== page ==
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– $6.00 allows us to buy a bag of litter
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Thank you so much for considering a donation! 🙂

Any contribution is greatly appreciated!

– $6.00 allows us to buy a bag of litter
– $25 helps us buy 12 cans of cat food
– $100+ allows us to fund general medical procedures for any felines that we foster on our own

Thank you so much for considering a donation! 🙂

Any contribution is greatly appreciated!

– $6.00 allows us to buy a bag of litter
– $25 helps us buy 12 cans of cat food
– $100+ allows us to fund general medical procedures for any felines that we foster on our own

Thank you so much for considering a donation! 🙂

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Two Kittens Are More Entertaining

Adopting two kittens means you’ll get twice the level of cuteness and entertainment. Watching them learn and grow together will bring you an endless amount of joy, and just imagine all of the adorable pictures you’re going to have! Having two cats in the home means that each cat’s personality blossoms even more, so any personality quirks you currently love about cats will be amplified with a duo of kittens.

While you’ll still need to engage your cat in play, you’ll quickly find that the feline friends do an amazing job of engaging each other in play on their own. They’ll hunt each other and explore together, making for hilarious antics to observe. And of course, they’re sure to have plenty of precious cuddling moments for you to swoon over.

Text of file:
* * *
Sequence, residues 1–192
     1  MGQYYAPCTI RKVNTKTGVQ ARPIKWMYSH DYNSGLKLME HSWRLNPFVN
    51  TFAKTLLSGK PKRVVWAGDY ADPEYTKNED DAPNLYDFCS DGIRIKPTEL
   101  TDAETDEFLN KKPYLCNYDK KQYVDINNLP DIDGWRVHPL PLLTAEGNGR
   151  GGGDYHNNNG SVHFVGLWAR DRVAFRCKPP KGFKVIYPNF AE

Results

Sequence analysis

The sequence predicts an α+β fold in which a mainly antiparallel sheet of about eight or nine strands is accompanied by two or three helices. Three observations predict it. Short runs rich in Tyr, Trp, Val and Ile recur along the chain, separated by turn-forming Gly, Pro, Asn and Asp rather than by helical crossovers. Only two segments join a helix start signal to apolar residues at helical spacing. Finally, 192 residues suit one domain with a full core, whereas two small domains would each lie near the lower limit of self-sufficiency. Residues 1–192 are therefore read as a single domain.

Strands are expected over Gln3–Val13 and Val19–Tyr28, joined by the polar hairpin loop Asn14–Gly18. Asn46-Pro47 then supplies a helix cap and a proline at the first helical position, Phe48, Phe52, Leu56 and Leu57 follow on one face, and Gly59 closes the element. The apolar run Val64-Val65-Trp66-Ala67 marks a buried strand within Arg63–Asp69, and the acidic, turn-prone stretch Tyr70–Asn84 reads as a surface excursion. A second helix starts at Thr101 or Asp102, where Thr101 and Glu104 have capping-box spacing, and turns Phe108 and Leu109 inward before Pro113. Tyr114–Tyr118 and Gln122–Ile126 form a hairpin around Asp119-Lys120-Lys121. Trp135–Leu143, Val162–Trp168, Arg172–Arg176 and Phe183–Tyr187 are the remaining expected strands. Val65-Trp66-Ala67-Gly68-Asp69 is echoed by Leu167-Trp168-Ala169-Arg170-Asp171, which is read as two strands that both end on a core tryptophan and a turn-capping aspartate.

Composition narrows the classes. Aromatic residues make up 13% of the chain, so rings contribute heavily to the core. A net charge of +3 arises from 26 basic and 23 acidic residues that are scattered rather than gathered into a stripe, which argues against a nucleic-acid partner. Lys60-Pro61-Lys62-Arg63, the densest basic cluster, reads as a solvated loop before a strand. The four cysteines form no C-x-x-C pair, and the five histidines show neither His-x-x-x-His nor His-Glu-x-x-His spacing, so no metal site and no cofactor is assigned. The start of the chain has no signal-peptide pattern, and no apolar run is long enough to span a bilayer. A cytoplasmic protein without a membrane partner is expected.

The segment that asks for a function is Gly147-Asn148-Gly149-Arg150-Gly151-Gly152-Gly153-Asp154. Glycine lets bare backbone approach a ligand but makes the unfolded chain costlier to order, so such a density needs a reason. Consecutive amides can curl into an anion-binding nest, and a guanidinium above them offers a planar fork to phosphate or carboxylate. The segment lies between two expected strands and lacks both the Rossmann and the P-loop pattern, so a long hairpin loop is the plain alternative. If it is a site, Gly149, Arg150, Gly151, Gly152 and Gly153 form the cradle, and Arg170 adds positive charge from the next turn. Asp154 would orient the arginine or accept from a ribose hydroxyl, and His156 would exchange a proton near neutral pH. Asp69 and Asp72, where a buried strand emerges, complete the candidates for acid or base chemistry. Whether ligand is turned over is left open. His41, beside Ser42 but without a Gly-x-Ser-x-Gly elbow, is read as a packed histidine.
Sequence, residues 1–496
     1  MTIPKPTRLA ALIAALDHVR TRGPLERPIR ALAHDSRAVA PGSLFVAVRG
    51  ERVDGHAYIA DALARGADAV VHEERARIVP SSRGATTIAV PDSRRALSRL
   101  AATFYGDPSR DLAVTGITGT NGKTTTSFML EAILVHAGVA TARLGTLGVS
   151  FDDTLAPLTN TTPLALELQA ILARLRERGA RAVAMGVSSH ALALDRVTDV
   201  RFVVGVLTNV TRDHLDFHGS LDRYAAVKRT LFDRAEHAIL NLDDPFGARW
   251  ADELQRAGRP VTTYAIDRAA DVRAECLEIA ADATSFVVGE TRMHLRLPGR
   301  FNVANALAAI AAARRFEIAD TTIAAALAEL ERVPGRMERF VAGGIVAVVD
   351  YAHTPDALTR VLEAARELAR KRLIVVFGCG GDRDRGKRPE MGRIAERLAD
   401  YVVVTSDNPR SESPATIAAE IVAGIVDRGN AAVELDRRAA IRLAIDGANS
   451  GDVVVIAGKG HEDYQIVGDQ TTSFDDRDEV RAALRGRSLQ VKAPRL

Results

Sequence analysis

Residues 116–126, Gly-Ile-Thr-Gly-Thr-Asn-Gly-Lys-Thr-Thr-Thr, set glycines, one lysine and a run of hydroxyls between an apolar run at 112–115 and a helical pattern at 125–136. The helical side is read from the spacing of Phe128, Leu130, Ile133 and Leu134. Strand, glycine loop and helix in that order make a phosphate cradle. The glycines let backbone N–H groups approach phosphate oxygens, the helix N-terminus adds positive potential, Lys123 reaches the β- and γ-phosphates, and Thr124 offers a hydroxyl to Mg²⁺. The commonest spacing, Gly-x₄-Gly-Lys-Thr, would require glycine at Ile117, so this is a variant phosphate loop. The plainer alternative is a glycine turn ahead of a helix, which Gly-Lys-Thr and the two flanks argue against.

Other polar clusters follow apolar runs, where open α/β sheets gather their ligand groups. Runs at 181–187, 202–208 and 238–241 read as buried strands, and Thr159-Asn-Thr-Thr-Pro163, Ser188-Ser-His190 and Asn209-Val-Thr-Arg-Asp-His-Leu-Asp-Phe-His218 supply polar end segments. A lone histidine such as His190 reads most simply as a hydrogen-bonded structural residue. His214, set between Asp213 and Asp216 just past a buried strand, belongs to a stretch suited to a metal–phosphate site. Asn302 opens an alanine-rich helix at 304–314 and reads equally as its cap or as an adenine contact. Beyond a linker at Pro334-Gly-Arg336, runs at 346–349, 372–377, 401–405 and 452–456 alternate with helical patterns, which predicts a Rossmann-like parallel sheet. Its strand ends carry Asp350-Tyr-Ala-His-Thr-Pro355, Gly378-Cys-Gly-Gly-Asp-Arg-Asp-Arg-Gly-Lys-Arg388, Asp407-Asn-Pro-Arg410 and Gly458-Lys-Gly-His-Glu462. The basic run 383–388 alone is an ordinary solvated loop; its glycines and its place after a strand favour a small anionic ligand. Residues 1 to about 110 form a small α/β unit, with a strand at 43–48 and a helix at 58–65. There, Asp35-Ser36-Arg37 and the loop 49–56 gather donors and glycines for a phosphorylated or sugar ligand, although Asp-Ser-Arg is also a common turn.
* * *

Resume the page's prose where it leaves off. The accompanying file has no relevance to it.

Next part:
Resident Pets Accept Two Kittens With Ease

If you already have pets in your home, having a pair of kittens to keep each other busy means that your resident pets won’t be the kittens’ main focus. Many adopters of single kittens find that after an introduction period, the kitten won’t leave their resident dog or cat alone. The constant hunting and wrestling, depending on your resident pet’s personality, can cause a lot of stress and put a strain on the relationship. 

Pairs of kittens, on the other hand, will hunt and wrestle each other instead of only your resident pet. This healthy balance of attention fosters a calmer relationship between everyone. 

Pairs of Kittens Adjust Quicker in a New Home